But what makes members of a tight knit of group of survivors break off and not come to a party because Uncle Mike or someone is in town? I just don't get it. At all. Because sending your regrets and love is just not like sending yourself in person. Maybe I am bitter that I don't have those kinds of endless family occasions. And I don't ditch my friends. Just to be clear, we  don't all get together very often. It was our Christmas get together. We don't see each other much in our everyday lives if at all. Unlike family who see each other a lot, especially in the holidays. I realize I am really skirting around this issue and I wish I could just get it out.  I just don't understand it. What do people who have no family do or think of this? Our church usually organizes  a Christmas Day meal and service for those left behind with no family ( or friends I suppose).  It is akin to one of those cringily named orphans or waifs and strays affairs ( I know - it's a nice invitation to get!) No one can host it this year. No body wants to. None of the waifs and strays have the space, the time or the energy to do it. What will become of them when everyone is busy celebrating with Drunk Uncle Mike? I know I speak of this from the privileged point of view of one who has a spouse and a child and even some living relatives. I am not going to be left in the cold. Or uninvited. But I do really feel the dearth of Other People in our lives.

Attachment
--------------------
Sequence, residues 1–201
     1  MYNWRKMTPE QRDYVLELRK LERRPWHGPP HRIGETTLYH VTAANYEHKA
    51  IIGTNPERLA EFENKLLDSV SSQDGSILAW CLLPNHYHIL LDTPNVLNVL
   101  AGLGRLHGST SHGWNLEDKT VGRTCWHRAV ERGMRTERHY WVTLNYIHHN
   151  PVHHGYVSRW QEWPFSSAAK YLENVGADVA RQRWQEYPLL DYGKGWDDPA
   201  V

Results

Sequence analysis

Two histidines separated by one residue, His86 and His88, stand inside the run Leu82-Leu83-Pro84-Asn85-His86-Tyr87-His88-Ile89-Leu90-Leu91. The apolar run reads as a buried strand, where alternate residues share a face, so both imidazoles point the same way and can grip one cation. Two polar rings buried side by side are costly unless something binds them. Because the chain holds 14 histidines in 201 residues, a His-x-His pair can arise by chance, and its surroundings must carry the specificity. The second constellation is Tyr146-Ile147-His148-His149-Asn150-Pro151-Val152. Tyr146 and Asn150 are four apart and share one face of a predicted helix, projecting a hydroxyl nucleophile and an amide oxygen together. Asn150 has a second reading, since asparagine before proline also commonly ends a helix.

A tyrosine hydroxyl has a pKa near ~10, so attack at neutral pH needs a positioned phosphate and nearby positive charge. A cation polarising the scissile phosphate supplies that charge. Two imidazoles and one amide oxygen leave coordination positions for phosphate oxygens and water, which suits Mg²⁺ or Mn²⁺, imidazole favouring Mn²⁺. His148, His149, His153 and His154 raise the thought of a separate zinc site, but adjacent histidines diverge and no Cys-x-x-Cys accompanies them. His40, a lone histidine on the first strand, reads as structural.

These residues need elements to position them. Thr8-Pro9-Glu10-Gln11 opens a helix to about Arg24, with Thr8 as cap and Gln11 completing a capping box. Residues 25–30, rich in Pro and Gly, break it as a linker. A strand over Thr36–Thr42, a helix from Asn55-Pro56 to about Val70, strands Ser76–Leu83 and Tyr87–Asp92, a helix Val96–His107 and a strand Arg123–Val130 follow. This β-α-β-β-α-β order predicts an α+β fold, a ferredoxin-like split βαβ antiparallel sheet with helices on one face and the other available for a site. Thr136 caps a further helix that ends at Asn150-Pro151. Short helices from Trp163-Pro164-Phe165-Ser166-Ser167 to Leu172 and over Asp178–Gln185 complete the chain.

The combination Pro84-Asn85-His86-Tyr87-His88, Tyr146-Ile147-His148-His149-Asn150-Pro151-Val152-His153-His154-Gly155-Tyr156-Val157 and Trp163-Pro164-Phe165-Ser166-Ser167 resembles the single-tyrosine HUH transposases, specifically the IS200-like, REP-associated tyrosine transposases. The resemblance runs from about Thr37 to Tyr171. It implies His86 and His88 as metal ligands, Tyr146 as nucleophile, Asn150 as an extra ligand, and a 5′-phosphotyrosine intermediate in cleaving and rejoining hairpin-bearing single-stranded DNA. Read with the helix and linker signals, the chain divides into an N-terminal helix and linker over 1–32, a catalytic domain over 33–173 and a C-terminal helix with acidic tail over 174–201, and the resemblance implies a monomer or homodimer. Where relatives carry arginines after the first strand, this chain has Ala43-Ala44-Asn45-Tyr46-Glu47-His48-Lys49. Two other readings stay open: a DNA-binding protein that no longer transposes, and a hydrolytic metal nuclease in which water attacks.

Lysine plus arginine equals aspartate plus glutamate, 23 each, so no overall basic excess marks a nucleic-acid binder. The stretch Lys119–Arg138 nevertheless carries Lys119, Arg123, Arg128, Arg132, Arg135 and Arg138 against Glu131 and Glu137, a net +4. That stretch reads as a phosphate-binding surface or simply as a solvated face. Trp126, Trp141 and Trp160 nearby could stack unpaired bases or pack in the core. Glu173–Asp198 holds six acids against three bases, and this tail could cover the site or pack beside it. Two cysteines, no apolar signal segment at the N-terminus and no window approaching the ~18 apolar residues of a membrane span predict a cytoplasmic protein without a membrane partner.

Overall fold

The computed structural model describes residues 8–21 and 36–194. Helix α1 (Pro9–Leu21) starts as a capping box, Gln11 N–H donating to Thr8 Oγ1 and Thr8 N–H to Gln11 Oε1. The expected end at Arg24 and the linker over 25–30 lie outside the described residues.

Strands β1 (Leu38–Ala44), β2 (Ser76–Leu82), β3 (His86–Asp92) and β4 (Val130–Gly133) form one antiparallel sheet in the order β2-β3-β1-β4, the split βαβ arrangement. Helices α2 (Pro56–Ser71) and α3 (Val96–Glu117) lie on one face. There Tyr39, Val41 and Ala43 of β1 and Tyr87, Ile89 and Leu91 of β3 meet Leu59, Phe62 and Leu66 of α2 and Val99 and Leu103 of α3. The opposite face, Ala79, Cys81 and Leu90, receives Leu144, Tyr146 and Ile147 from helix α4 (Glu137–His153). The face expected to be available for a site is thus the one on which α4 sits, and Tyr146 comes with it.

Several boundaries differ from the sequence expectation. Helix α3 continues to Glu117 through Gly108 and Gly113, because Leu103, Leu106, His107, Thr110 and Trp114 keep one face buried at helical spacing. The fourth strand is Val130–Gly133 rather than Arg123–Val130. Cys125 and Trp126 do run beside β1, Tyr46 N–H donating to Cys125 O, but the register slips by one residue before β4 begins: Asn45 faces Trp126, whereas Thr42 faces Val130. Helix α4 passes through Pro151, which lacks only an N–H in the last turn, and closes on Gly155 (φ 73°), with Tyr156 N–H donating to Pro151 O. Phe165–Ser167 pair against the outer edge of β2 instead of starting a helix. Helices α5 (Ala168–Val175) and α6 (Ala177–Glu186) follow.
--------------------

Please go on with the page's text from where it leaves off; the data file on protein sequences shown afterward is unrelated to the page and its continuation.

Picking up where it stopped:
Sometimes I  just feel lonesome. It is a part of my personality and has not changed with having Isobel. Susan, Isobel and I are a very tight, close knit threesome. We like that. But we go to the zoo and  I see families with uncles, aunts, family friends, tagging along.  Groups of people. And that is rarely rarely us. We don't really have a gang that we hang with. Our baby mama friends are often busy with friends and relatives popping in to visit or on their way through town. We have friends that we see on occasions that we plan. Like a dinner now and then. We have no do drop in friends.  ( Do people do that any more? It was one of my favorite things about my life as a student in Wales). Our core people are the ones I mentioned earlier and they are busy busy busy.

When we envisioned having a family I had this fantasy that people would come out of the woodwork and would want to be around us more because of Isobel. In some ways that was true - everyone wanted to meet her and visit with us when she was small. And people are still enchanted with her when they see her. She is pretty darn cute. But people in the deep fabric of our lives. We don't have them. We see people at church on Sunday. We have lots of acquaintances. I have a nice group of old work friends from my last two jobs. We make arrangements to see people when we can - which is always based on the level of overwhelm and is often sporadaic. Susan goes to meetings related to church and her chosen career as a would be and almost ready to be ordained minister. That's not exactly fun although is is fulfilling. At work I am glad to have a team which I supervise that I can actually confide in to some degree ( might bite me in the ass at some point, but it's all I have got for now to keep me going as peer relationships are either hindered by too much work and no time, or in the case of my closest peers,  too much time wasting and not much work).